II. DISCUSSION

         A. Standard of Review

         The purpose of a motion under Federal Rule of Civil Procedure 12(b)(6) "is to test the sufficiency of a complaint, " not to "resolve contests surrounding the facts, the merits of a claim, or the applicability of defenses." King v. Rubenstein, 825 F.3d 206, 214 (4th Cir. 2016) (quoting Edwards v. City of Goldsboro, 178 F.3d 231, 243-44 (4th Cir. 1999)). A complaint fails to state a claim if it does not contain "a short and plain statement of the claim showing that the pleader is entitled to relief, " Fed.R.Civ.P. 8(a)(2), or does not "state a claim to relief that is plausible on its face, " Ashcroft v. Iqbal, 556 U.S. 662, 678 (2009) (quoting Bell Atl. Corp. v. Twombly. 550 U.S. 544, 570 (2007)). A claim is facially plausible "when the plaintiff pleads factual content that allows the court to draw the reasonable inference that the defendant is liable for the misconduct alleged." Id. (citing Twombly, 550 U.S. at 556). "Threadbare recitals of the elements of a cause of action, supported by mere conclusory statements, do not suffice." Id. (citing Twombly, 550 U.S. at 555). Though the plaintiff is not required to forecast evidence to prove the elements of the claim, the complaint must allege sufficient facts to establish each element. Goss v. Bank of America, N.A., 917 F.Supp.2d 445, 449 (D.Md. 2013) (quoting Walters v. McMahen, 684 F.3d 435, 439 (4th Cir. 2012)), aff d sub nom. Goss v. Bank of America, NA, 546 Fed.Appx. 165 (4th Cir. 2013).

         In considering a Rule 12(b)(6) motion, a court must examine the complaint as a whole, consider the factual allegations in the complaint as true, and construe the factual allegations in the light most favorable to the plaintiff. Albright v. Oliver, 510 U.S. 266, 268 (1994); Lambeth v. Bd. of Comm'rs of Davidson Cry., 407 F.3d 266, 268 (4th Cir. 2005) (citing Scheuer v. Rhodes, 416 U.S. 232, 236 (1974)). But the court need not accept unsupported or conclusory factual allegations devoid of any reference to actual events, United Black Firefighters v. Hirst, 604 F.2d 844, 847 (4th Cir. 1979), or legal conclusions couched as factual allegations, Iqbal, 556 U.S. at 678.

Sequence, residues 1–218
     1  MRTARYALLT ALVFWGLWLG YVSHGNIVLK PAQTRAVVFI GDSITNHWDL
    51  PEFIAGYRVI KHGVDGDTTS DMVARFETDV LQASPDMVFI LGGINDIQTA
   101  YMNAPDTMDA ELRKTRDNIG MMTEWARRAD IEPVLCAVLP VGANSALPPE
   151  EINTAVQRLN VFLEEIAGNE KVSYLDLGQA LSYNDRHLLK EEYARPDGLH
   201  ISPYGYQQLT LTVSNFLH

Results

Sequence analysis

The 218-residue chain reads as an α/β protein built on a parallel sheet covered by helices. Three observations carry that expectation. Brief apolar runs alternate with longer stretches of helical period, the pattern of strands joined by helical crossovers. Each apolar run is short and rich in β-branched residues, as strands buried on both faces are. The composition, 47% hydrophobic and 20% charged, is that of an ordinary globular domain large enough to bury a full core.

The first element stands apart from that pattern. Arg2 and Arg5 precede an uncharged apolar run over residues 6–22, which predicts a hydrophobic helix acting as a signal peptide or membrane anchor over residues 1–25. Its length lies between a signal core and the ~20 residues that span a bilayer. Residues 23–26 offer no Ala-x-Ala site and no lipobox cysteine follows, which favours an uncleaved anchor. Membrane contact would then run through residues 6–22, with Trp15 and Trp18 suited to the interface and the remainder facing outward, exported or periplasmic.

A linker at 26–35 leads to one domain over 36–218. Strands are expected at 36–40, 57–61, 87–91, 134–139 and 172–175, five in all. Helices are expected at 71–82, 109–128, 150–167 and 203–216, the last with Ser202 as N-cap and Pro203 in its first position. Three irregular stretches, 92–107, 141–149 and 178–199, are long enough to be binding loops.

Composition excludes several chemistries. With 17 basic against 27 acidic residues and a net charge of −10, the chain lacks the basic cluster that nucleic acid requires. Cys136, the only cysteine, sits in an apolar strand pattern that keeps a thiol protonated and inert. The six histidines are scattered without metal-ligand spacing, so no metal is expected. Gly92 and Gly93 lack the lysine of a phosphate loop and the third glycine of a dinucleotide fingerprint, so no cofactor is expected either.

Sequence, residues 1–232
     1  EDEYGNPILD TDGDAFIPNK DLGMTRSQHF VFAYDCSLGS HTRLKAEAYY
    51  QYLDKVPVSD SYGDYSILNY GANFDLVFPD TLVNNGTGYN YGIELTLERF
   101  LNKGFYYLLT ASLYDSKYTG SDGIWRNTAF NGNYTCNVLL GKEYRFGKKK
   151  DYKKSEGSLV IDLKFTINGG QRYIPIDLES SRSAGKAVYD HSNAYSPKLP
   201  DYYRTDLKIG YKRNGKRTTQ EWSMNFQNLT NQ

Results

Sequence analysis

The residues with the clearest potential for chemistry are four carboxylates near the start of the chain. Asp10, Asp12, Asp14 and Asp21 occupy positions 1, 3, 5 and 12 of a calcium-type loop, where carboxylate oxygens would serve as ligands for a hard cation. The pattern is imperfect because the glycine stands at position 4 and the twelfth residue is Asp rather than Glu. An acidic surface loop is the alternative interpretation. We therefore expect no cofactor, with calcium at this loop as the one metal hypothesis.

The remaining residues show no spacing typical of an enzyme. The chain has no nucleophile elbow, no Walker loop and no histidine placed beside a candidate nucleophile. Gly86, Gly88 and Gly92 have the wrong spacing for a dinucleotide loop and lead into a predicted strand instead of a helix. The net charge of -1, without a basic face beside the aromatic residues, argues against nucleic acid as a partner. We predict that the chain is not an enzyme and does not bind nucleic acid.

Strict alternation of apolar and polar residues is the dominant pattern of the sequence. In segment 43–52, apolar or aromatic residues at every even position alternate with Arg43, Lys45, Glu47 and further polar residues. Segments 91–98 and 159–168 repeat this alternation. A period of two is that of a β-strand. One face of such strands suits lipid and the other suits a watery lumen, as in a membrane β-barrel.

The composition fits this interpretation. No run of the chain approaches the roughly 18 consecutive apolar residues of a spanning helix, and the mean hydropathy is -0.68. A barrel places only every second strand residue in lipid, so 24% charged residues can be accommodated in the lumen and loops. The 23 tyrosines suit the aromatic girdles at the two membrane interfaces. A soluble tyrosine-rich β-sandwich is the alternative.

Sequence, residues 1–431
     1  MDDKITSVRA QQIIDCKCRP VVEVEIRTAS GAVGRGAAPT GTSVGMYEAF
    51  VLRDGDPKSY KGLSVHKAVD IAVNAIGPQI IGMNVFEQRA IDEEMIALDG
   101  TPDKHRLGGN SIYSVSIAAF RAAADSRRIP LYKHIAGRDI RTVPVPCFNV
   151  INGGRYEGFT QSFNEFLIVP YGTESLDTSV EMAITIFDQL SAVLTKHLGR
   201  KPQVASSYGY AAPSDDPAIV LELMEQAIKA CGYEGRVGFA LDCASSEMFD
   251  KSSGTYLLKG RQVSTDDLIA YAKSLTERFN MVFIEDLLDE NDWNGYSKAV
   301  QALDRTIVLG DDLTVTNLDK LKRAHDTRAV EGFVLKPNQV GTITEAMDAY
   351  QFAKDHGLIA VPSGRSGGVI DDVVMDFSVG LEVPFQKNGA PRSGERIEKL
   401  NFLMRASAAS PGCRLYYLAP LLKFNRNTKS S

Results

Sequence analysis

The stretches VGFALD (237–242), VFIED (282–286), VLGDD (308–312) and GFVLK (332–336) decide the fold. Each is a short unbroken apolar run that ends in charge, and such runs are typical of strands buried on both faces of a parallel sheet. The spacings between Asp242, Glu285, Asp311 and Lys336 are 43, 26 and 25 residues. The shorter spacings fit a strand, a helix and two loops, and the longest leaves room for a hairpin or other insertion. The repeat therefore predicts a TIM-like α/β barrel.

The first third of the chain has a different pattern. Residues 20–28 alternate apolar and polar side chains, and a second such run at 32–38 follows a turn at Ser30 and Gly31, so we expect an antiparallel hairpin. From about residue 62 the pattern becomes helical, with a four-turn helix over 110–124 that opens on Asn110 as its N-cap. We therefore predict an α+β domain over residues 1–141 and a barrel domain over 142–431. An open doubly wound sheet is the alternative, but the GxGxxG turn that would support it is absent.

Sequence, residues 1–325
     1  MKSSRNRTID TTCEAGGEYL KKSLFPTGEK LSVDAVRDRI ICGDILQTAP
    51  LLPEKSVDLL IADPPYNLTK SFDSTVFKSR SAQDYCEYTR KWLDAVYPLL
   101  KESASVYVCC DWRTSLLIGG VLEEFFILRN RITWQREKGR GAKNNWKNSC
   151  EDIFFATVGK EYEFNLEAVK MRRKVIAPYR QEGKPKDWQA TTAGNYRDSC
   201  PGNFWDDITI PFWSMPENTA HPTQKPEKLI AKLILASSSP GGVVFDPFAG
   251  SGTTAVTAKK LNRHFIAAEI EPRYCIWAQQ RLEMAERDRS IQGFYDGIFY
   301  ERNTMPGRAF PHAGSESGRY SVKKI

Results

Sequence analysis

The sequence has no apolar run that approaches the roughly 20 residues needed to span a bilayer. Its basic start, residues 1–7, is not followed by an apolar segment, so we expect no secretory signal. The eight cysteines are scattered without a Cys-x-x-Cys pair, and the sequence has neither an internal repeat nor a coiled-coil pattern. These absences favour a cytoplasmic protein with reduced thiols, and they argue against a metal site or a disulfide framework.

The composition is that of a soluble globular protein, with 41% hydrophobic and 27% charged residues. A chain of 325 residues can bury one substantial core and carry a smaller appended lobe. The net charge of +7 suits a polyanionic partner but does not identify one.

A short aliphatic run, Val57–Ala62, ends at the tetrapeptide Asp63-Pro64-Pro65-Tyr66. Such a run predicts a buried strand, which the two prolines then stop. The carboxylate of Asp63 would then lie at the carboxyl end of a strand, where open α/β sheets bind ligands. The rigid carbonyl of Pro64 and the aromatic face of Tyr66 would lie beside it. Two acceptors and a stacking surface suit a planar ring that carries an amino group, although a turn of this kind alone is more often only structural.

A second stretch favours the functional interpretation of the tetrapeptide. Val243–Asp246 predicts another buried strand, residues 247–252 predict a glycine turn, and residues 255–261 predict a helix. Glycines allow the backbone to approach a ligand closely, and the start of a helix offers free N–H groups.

B. Analysis

         The City and BPD advance several arguments for dismissing the Second Amended Complaint. First, BPD contends that it is not a "person" under § 1983 and that it is entitled to Eleventh Amendment immunity. Second, the City maintains that it cannot be held liable for BPD's or BPD officers' conduct. Third, they assert that Lucero either fails to state a claim or fails to sufficiently allege Monell claims under § 1983.

         1. BPD's Liability under § 1983

          BPD asserts that it cannot be held liable under § 1983 for two reasons: (1) it is not a "person" for the purposes of § 1983; and (2) it is entitled to Eleventh Amendment immunity. ...